XOR-linked-list

Academic project which aim was to implement XOR linked list using C++.

Detailed description of the task

The task is based on implement a bidirectional list. A classic bidirectional list stores successor and predecessor addresses in nodes, in our task the list stores only xor of these addresses in nodes. This saves approximately 50% of memory used by the list structure.

The terms list node and list element are used interchangeably and means the same.

During adding a new node to the list, we write the xor value of the predecessor and the successor to this node. If it is the first or the last node, as the xor of addresses, we write the address of the successor or the predecessor, respectively, because the address xor with 0 (we take zero as NULL) does not change the address value. From this it follows that we need to store a pointer to the first and last element of the list, which will allow us to browse the list in both directions. If we want to go to the next node in the assumed direction, we read its address as xor values stored in the current and previously visited node. As described earlier, at the boundary node this will be the direct address (since the value of a hypothetical nonexistent earlier node is 0).

In the case of deleting a node, updating the xor values of the deleted node’s predecessor and successor is required. When deleting an boundary node, there is only one neighbor that needs to be updated.

The task requires that we have an additional pointer showing the current value used by the ACTUAL command described later. In this case, we also need to keep one of the neighbors (successor or predecessor, preferably both) of pointer showing the current value. Otherwise, we will not be able to restore their addresses (successor or predecessor of the current element). In this case, we must additionally store one of the neighbors (successor or predecessor, preferably both), otherwise we will not be able to restore their addresses. It would seem that this does not apply to the first and last node, but we are not able to conclude (without additional information) that the index to the current element just points to one of the boundary elements.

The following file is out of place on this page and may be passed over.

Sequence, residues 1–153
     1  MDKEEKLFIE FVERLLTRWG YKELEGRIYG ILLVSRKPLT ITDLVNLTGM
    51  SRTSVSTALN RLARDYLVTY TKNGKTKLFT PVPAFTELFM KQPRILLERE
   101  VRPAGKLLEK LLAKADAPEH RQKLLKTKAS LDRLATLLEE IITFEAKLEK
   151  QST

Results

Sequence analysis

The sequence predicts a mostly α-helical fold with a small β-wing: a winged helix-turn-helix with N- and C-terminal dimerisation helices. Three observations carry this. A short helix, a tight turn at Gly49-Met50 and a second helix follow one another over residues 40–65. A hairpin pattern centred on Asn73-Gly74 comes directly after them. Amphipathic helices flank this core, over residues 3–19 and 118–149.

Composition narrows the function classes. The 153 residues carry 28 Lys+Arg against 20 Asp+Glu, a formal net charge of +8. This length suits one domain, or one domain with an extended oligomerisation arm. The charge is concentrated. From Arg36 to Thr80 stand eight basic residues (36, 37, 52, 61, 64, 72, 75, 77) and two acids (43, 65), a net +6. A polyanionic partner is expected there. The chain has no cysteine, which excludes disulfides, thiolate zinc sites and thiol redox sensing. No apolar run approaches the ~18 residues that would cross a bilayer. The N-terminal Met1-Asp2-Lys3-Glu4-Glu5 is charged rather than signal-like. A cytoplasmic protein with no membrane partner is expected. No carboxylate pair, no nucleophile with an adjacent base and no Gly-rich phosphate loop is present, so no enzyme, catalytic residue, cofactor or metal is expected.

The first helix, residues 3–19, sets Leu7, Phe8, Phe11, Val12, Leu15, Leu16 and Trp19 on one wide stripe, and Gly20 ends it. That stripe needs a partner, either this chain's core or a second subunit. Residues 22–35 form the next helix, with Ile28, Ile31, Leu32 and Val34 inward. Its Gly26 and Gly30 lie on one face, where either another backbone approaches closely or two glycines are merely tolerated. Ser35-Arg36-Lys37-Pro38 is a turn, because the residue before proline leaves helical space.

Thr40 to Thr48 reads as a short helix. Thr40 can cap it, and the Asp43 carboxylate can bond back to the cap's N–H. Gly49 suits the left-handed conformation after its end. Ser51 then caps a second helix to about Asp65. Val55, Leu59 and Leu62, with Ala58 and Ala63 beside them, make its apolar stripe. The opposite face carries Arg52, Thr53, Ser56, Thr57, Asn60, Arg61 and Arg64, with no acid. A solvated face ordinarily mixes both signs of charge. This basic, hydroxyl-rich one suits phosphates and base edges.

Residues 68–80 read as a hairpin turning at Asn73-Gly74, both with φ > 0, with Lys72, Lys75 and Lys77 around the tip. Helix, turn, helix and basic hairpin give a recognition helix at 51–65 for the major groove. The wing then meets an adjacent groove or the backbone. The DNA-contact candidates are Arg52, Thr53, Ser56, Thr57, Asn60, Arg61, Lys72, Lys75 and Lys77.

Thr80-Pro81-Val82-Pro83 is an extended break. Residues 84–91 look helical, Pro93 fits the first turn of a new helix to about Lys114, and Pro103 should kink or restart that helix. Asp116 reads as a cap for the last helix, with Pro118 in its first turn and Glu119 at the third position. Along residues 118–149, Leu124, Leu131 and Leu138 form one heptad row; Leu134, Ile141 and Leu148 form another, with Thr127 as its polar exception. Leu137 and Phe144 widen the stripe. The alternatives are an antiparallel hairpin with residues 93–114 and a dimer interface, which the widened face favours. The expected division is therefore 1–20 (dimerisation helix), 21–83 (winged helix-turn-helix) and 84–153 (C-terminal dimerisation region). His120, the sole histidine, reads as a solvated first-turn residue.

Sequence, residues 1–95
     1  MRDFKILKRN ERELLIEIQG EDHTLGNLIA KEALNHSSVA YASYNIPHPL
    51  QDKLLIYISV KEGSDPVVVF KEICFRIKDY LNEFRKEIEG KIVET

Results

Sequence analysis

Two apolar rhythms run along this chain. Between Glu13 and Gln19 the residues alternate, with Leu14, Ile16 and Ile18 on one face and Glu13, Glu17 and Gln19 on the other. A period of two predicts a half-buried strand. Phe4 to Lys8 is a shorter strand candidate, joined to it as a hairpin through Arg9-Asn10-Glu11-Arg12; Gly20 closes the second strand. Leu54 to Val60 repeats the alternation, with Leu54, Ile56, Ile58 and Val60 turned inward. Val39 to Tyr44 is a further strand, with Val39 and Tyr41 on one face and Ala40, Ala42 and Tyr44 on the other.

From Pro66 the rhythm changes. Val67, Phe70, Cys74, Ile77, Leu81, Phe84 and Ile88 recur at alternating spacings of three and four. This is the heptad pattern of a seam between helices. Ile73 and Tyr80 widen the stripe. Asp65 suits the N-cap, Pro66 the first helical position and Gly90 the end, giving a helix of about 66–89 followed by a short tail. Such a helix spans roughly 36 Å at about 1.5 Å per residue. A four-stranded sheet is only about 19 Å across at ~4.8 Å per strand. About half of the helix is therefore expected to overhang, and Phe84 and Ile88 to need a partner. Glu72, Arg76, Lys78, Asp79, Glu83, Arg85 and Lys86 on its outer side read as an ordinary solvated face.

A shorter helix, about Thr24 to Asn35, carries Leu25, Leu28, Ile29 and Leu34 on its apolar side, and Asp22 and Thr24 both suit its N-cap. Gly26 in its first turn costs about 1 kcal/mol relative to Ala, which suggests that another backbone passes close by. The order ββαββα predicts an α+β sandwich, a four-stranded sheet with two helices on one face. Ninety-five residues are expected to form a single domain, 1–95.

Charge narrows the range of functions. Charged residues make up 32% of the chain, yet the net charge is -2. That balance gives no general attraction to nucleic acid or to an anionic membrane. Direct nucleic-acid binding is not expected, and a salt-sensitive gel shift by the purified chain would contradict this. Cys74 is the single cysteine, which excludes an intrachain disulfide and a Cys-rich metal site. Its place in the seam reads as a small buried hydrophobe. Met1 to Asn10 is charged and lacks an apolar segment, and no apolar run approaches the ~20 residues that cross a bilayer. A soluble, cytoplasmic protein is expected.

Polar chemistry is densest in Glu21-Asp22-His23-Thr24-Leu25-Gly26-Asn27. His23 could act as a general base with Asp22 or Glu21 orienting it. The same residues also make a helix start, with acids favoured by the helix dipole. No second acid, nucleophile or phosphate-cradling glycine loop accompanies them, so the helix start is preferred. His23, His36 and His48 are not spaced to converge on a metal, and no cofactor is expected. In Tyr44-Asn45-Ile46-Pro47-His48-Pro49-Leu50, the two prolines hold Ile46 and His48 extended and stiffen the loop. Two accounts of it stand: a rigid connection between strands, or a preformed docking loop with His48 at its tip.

The list provides the following functionalities related to the following commands:

  • ACTUAL – value of the currently pointed element. For an empty list it is NULL and after adding the first element to the list ACTUAL returns the value of that element as long as it is not moved by other operations.
  • NEXT – prints the value of the ACTUAL successor setting it ACTUAL at the same time. If ACTUAL points to the last element of the queue, its successor will be the first element of the queue.
  • PREV – prints the value of the predecessor ACTUAL setting it ACTUAL at the same time. If ACTUAL points to the first element of a queue, its predecessor will be the last element of the queue.
  • ADD_BEG N – adding an element with value N to the beginning of the list.
  • ADD_END N – adding an element with value N to the end of the list.
  • ADD_ACT N – adding an element with the value of N as a predecessor of the currently selected element (ACTUAL).
  • DEL_BEG – removes the first node from the list.
  • DEL_END – removes the last node from the list.
  • DEL_VAL N – removes from the list all nodes whose value is equal to N.
  • DEL_ACT – removes from the list the node that ACTUAL points to, simultaneously setting ACTUAL to PREV. In the case of the PREV does not exist (ACTUAL was the first element of the list) ACTUAL shows the last element of the list.
  • PRINT_FORWARD – prints the contents of the list from the first to the last element.
  • PRINT_BACKWARD – prints the contents of the list from the last to the first element.
    The behavior of the NEXT, PREV and DEL_ACT commands suggests action on a circular queue in which (except for an empty queue) there is always a successor and a predecessor for each node. When such a queue has only one element, the xor value of this node is 0. However, the implementation of the circular queue is not required and is not forbidden. Instead, it is possible to implement additional functionality of the NEXT and PREV commands. It will be run when an exceptional situation occurs, i.e. NEXT call when ACTUAL points to the last element of the queue, or PREV or DEL_ACT when ACTUAL points to the first element of a non-cyclic queue.

DEL_BEG, DEL_END, DEL_VAL, and DEL_ACT commands for an empty list do not remove anything. In each of these cases, removing the currently pointed element (ACTUAL command) should result in moving the currently pointed element pointer to the preceding element, and if it does not exist, to the last element of the list.

Standard C ++ Template Library (STL) cannot be used. Please remember to free memory when deleting list elements. Please also delete the entire list before exiting the program, freeing up all memory occupied by all its elements.

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